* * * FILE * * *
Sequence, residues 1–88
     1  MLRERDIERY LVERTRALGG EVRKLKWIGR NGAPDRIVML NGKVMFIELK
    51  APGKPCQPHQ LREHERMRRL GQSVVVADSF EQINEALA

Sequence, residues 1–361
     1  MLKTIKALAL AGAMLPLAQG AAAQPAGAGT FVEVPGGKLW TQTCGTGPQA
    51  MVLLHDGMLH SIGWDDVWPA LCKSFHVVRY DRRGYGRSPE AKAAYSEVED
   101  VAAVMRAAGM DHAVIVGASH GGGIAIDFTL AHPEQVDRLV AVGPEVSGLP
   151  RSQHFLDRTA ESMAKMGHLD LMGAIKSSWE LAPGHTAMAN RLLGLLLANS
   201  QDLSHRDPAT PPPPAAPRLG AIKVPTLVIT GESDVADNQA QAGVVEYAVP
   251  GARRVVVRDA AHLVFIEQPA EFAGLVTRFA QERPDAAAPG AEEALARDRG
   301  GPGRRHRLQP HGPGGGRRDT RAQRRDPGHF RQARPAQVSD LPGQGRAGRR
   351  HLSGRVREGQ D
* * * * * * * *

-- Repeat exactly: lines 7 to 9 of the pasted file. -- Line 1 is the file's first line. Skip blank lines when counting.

   101  VAAVMRAAGM DHAVIVGASH GGGIAIDFTL AHPEQVDRLV AVGPEVSGLP
   151  RSQHFLDRTA ESMAKMGHLD LMGAIKSSWE LAPGHTAMAN RLLGLLLANS
   201  QDLSHRDPAT PPPPAAPRLG AIKVPTLVIT GESDVADNQA QAGVVEYAVP